Acid Gas Recovery Units (AGRUs) are one of the core and energy intensive units in gas processing. In solvent based AGRUs, the rich solvent leaving absorber column is letdown across control valve before being sent to flash vessel. This pressure letdown indicates opportunity to recover energy by utilizing hydraulic turbine. In this context, an in-house study has been carried out to evaluate techno-economic feasibility of recovering energy from four (04) amine based AGRUs at one of the gas processing sites. Pressure letdown, across amine absorber control valves at selected AGRUs, from 60 to 7 barg indicated significant potential for energy recovery. A comprehensive review of existing design and current operation of AGRUs was carried out by technical team in close co-ordination with site personnel. Design inputs were prepared after discussions with Operations and Technical Services teams to evaluate modifications needed to implement the Hydraulic Power Recovery Turbine (HPRT). Internal estimation of potential power recovery was prepared and modifications needed to develop scope definition were identified. The team consulted potential suppliers for new equipment and technical proposals were evaluated for technical feasibility after discussions with multidisciplinary engineering teams.
The key challenges relate to the feasibility of modification given the brownfield modifications, as the piping routing with existing arrangement of equipment like HP absorber, lean gas circulating pump and rich amine flash vessel etc., could lead to potential constraints of space availability and pipe-rack adequacy. In addition, competent contractors are required to implement modifications to existing lean amine circulating pump as shaft modifications are needed. Efficiency of hydraulic power recovery turbine and performance guarantees signifies the successful implementation. Overall cost, economic feasibility over its lifecycle and schedule for implementation are few of the the major factors governing the management decision.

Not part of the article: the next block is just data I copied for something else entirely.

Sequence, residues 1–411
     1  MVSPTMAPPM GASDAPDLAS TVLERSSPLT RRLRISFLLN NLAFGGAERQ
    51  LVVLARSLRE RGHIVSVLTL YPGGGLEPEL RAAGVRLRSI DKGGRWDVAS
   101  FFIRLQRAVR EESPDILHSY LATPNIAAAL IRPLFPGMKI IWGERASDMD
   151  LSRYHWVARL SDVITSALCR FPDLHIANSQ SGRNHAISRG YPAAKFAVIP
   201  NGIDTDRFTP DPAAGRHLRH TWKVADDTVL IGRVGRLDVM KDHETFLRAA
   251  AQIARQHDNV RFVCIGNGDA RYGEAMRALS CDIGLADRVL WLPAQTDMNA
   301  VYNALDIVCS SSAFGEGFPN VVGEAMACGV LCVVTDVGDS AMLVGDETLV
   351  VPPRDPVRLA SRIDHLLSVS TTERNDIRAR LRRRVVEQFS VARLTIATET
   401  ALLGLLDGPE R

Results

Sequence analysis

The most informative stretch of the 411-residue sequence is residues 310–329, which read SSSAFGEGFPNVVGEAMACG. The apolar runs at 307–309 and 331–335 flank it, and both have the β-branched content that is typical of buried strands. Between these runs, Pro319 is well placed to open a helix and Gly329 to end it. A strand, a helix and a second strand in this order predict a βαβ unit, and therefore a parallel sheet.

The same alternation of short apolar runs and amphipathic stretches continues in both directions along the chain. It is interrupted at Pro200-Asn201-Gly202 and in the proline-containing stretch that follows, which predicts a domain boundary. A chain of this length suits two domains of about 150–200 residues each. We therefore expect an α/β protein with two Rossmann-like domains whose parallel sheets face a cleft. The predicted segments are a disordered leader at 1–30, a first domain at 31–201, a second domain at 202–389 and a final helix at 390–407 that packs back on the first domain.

Based on current operation, preliminary estimates indicated power recovery potential of the order of around 5MW, from the four (04) AGRUs considered in the study, duly considering the overall efficiency of HPRT. The study ascertained significant reduction in power consumption of lean amine circulating pumps by utilization of recovered hydraulic power from respective AGRUs. Economic feasibility observed sensitive to applicable power tariff and other financial basis. However, on overall basis, study established that HPRT technology represent reliable, economically feasible solutions to reduce power consumption and emissions, thereby improving energy efficiency of gas processing industry.